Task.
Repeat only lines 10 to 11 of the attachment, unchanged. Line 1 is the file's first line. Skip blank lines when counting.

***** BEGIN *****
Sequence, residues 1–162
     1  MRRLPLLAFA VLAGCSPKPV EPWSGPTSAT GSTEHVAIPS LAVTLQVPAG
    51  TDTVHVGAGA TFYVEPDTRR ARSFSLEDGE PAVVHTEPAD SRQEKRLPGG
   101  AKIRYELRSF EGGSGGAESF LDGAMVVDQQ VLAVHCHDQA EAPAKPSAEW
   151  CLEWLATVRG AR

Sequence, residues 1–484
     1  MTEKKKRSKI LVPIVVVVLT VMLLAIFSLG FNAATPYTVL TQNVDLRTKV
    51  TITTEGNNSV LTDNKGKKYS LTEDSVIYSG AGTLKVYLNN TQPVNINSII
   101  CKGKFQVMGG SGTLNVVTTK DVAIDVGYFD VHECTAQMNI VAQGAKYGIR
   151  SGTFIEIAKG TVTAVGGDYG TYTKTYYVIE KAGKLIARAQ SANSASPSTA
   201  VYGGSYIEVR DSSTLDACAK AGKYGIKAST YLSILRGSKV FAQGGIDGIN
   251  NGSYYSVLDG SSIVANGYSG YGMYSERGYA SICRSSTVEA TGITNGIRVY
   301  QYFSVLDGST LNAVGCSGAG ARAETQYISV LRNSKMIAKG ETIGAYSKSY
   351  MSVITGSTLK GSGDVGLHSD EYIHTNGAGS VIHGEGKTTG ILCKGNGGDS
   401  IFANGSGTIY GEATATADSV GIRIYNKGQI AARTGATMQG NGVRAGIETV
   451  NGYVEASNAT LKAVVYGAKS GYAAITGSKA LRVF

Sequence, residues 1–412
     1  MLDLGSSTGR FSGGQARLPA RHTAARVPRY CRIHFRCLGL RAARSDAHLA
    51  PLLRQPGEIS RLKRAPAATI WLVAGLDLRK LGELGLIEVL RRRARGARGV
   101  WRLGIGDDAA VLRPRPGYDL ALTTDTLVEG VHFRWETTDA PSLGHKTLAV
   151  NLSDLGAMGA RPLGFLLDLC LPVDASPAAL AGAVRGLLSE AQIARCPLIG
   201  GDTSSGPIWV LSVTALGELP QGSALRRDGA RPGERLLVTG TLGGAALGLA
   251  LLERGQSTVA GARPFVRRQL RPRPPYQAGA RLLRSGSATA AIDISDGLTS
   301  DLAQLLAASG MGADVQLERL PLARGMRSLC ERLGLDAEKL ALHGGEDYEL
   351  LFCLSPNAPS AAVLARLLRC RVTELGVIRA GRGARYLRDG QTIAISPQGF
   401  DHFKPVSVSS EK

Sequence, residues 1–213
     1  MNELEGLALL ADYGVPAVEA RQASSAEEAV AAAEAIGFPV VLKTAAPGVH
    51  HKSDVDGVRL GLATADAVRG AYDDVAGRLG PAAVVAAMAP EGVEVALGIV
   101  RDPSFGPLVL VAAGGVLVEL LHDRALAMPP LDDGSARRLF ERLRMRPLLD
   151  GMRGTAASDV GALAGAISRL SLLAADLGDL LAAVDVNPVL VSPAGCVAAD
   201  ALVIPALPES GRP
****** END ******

   151  SGTFIEIAKG TVTAVGGDYG TYTKTYYVIE KAGKLIARAQ SANSASPSTA
   201  VYGGSYIEVR DSSTLDACAK AGKYGIKAST YLSILRGSKV FAQGGIDGIN